Elliptical exercise device

- Larry D. Miller Trust

Embodiments of the present invention have left and right guide links that are pivotally attached to the frame, typically to an upper part of the frame, and left and right foot support links each having a mid-portion pivotally interconnected with a lower end of the respective guide link. Reciprocal motion of the guide links causes the foot support links to move along a path having a horizontal component of motion (i.e. fore and aft). Left and right vertical control links are coupled to a vertical cam drive such that the vertical cam drive reciprocates the vertical control links. The vertical control links are each coupled to a forward portion of the respective foot support link such that the reciprocating control links cause foot receiving areas at the rear of the respective foot support links to reciprocate along a path having a vertical component of motion (i.e. upwardly and downwardly). In free stride versions, the motion of the guide links may be coordinated by a horizontal coordination linkage, such that the left and right guide links move equally in opposite directions, and the guide links are not coupled to the drive system. In fixed path versions, the guide links may be coupled to a drive or crank system, which may be part of the vertical cam drive. The coupling of the control links and/or guide links to the drive system or systems may be adjustable so as to adjust the amount of vertical and/or horizontal motion, and this adjustment may be manual or powered, and may be coordinated such that as horizontal motion is increased or decreased, vertical motion is increased or decreased, or vice versa. As will be clear to those of skill in the art, any of the embodiments described herein may be converted between free stride and fixed path by adding or removing the appropriate links or couplings.

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Description

CROSS-REFERENCE TO RELATED APPLICATION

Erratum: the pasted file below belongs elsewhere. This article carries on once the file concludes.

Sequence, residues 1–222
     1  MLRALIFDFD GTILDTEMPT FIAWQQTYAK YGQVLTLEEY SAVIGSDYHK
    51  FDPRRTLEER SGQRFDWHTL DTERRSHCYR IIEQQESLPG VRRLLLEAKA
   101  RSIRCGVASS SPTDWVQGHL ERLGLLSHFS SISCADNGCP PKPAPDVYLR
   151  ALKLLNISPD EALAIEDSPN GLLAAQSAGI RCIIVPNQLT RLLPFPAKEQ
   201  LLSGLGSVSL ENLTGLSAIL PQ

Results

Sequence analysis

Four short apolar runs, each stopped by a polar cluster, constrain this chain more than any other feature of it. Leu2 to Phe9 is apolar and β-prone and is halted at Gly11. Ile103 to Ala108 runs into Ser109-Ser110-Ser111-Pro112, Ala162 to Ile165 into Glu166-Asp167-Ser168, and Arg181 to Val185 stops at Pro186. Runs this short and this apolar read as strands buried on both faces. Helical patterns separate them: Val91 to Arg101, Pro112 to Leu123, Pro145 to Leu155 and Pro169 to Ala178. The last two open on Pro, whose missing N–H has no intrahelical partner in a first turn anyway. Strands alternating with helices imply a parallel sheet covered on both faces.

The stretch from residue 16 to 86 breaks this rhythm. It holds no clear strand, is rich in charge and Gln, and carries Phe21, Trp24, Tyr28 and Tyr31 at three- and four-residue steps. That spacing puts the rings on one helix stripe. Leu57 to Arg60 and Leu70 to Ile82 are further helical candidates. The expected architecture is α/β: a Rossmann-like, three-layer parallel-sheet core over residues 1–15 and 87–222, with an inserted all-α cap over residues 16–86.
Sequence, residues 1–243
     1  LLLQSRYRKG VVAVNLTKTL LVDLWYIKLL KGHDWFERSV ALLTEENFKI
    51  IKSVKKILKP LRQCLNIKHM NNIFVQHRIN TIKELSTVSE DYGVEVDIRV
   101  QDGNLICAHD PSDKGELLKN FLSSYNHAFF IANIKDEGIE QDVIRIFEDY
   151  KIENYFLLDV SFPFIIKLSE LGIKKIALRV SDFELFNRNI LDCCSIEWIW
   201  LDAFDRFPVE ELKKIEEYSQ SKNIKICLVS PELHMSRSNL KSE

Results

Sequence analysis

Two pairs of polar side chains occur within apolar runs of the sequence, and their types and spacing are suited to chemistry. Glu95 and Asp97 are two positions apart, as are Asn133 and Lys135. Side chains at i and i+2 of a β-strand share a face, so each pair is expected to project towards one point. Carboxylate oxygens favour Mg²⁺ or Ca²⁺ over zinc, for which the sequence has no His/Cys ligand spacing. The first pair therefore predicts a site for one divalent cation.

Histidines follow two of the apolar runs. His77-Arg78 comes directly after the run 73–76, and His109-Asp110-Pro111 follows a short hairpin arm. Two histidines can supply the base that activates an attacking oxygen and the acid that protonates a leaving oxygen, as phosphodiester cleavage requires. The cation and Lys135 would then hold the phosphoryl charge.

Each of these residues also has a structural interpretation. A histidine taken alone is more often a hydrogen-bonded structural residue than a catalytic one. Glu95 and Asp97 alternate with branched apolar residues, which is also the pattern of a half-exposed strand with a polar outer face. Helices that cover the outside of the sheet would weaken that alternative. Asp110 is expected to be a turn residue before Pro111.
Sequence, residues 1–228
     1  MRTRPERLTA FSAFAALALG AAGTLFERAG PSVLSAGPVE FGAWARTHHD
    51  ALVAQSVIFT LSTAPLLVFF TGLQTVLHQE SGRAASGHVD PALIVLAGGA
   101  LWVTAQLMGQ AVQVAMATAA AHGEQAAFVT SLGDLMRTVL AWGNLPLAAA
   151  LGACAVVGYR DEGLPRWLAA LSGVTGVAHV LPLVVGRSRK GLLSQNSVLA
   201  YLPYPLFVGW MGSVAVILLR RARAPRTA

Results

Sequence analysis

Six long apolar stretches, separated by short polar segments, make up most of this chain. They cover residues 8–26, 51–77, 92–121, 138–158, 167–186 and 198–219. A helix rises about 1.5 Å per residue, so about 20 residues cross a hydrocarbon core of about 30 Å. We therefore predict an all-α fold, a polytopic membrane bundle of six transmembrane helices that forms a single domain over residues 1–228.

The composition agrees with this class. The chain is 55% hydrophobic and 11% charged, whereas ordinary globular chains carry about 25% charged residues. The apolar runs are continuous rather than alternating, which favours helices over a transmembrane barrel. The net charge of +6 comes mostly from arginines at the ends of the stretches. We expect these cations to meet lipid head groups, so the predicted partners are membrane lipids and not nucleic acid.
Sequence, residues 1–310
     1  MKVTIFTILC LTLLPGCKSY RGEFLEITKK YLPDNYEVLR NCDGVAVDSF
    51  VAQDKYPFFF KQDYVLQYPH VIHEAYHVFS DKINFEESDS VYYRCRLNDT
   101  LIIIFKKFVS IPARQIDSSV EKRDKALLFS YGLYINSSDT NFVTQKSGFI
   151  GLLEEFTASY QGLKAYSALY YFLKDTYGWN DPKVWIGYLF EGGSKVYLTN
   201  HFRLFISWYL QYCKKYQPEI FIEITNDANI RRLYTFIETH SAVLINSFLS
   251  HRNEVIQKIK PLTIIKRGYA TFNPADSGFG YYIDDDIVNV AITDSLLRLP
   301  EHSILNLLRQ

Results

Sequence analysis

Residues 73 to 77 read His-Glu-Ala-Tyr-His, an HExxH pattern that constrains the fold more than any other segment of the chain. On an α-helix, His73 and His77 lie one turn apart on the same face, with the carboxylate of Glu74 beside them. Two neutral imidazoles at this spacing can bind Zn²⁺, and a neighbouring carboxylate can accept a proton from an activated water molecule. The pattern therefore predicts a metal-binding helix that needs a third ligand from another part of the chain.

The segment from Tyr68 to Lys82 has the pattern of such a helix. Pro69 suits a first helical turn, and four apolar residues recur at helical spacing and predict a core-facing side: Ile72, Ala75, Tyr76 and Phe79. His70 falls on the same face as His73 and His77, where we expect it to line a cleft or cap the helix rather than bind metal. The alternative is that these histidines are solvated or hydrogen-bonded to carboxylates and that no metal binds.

This application claims priority from international application Serial No. PCT/US2015/031378, filed May 18, 2015, and international application Serial No. PCT/US2015/034146, filed Jun. 4, 2015. PCT/US2015/031378 claims priority from U.S. patent application Ser. No. 14/713,047, filed May 15, 2015; U.S. patent application Ser. No. 14/476,083, filed Sep. 3, 2014; and U.S. provisional patent application Ser. No. 62/000,671, filed May 20, 2014. PCT/US2015/034146 claims priority to U.S. patent application Ser. No. 14/643,587, filed Mar. 10, 2015; U.S. patent application Ser. No. 14/643,522, filed Mar. 10, 2015; and U.S. provisional patent application Ser. No. 62/086,470, filed Dec. 2, 2014. The entire contents of all of the aforementioned application are incorporated herein by reference.

FIELD OF THE INVENTION

This invention relates generally to elliptical exercise devices in which the path of travel of a user's foot is generally elliptical.

BACKGROUND OF THE INVENTION

There are a number of exercise devices that operate to allow a user to implement a foot action following a generally closed, curved path of travel, simulating running and/or walking. These devices are generally referred to as “elliptical” exercise devices. Many such elliptical exercise devices are large, complicated, costly, and/or have undesirable characteristics related to the motion of the user's feet.